How to find the right title for your book: the practical guide

You have finally finished writing your book. After months and months of effort, the time has come to choose the right title and this is a task that is up to you if you choose to publish yourself.

Surely you have already given your work a temporary title, maybe you started to write with a title in mind.

But obviously that title is destined to change because now that the story is over, it will have taken on very different values ​​and that provisional title may no longer represent it.

Choosing a good title is essential to best represent the story and present it to the readership. So let’s ask ourselves a question.

What do you look at first in a book?

Never judge a book by its cover (or by its title).

It is said, but not done.

According to research, in fact, these are in order the things that a reader looks at before buying (or not buying) a book.

  • Title
  • Cover
  • Back cover
  • fins
  • Summary
  • First lines of the first chapter (incipit)
  • Price

This means that headlines are the first thing potential readers see, and it’s your first chance to make their mark. The title is the most important marketing tool for a book , without a title, the book does not exist.

The 5 attributes of a good title

These attributes will help you choose. A good title should:

  • Attract attention.
  • Be short: maximum four words (excluding conjunctions, prepositions etc.).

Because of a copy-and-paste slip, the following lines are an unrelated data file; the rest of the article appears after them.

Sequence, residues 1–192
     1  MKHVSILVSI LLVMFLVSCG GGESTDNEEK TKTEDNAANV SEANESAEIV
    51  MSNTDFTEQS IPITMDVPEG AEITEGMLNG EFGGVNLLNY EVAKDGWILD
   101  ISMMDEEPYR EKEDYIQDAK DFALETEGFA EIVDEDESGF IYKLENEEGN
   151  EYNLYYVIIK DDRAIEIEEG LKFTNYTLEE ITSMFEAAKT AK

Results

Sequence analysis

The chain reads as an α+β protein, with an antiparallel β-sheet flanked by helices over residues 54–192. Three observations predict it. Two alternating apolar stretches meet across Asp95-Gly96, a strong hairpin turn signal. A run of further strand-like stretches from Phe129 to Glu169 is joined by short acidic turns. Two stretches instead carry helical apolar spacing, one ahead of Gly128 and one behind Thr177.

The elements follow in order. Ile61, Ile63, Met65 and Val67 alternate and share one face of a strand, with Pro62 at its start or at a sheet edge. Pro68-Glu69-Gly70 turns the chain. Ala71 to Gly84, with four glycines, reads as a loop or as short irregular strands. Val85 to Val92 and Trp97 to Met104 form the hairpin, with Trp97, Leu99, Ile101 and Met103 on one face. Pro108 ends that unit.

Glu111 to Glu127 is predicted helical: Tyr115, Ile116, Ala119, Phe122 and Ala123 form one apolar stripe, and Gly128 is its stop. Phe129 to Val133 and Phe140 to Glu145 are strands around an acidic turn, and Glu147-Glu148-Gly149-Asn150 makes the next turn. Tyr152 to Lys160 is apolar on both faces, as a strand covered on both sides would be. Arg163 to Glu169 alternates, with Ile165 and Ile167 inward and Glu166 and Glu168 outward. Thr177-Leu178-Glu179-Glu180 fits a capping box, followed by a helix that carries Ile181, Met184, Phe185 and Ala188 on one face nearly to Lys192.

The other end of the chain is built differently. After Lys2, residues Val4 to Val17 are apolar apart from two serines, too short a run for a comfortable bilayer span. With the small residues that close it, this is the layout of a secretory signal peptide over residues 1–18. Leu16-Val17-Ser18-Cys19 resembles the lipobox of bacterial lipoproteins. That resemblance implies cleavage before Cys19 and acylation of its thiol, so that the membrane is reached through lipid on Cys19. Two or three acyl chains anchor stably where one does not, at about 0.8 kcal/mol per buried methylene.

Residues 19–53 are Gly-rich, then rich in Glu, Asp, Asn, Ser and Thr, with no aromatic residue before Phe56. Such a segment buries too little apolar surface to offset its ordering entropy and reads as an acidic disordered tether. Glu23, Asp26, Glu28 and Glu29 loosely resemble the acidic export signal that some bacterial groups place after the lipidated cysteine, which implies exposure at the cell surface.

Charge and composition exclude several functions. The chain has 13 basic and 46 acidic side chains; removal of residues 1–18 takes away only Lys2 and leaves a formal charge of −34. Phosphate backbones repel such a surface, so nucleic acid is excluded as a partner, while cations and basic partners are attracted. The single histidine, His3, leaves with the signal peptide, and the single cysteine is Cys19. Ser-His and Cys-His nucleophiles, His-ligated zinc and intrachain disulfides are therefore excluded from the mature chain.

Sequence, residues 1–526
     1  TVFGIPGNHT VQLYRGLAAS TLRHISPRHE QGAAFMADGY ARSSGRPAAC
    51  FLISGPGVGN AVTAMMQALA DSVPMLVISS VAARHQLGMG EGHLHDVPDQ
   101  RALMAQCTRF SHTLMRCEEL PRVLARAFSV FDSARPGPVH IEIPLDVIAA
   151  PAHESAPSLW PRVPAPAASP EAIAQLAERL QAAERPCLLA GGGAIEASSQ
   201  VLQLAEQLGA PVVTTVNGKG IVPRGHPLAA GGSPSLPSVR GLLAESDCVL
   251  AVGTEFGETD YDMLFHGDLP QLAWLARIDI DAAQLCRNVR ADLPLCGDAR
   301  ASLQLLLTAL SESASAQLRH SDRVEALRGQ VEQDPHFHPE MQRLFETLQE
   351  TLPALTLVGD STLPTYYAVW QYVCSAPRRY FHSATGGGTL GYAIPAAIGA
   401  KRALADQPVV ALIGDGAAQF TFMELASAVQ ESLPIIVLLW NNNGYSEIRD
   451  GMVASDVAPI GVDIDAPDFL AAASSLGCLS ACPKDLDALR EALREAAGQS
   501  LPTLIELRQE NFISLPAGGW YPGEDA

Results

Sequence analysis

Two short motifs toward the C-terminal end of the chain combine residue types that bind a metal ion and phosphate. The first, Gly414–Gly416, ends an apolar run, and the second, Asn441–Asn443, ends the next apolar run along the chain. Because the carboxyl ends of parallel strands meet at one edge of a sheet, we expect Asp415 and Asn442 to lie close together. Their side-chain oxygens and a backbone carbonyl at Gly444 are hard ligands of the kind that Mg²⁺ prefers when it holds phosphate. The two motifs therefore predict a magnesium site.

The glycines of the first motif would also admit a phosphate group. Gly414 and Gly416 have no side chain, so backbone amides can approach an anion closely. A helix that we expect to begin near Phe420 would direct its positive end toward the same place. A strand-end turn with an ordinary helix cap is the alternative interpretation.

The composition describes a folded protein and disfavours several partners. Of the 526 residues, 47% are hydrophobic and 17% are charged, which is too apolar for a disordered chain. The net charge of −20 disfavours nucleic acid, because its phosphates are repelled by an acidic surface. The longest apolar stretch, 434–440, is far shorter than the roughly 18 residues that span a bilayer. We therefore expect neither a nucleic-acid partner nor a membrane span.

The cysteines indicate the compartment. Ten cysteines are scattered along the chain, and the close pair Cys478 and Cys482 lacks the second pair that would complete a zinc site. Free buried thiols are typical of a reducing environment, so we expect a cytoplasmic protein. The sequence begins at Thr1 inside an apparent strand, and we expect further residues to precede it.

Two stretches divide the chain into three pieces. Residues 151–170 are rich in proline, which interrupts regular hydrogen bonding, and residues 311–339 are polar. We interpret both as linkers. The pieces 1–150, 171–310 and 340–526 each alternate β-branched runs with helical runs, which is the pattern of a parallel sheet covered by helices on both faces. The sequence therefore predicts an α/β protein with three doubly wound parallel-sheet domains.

• Be informative: make sure the subtitle keeps the promises of the book if you foresee one.
  • Be easy to read.
  • Don’t be embarrassing or problematic for someone who wants to say it out loud or share it.

Each title has its own title, but be original …

If you write genre fiction, the title should reflect the genre you write about.

For example, a romance will never have the title “Return from the grave” . But the title doesn’t have to be “The greatest love of my life” either .

Gender relevance should not be a forcing but a generic guideline that you must follow while still leaving room for your creativity. The important thing is to leave ambiguities aside so as not to confuse readers.

If you believe that the title you have chosen can create some headaches, ask the cover and synopsis for help. If you wrote a thriller and the title you chose is “The field of sunflowers” , maybe on the cover put a bloody sunflower to make it clear that something terrible happens in that field of sunflowers.

…or not?

There are thousands of poetry books that have the title “Poems” . Or that somehow contain the word poetry or its variants. There are thousands of thriller books that have the word “murder” in the title .

Is it about laziness on the part of the author? Poor creativity? A lack of respect for readers?


Or maybe it’s about taking advantage of keywords.

I am directly describing a concrete case instead of going into theory.

Many readers, especially strong readers, fans of a specific genre, search for their next book to read by browsing the catalogs of the stores, especially Amazon and looking for keywords related to their favorite genre.

Inserting those keywords in the title and choosing the right category , allows you to be tracked very easily.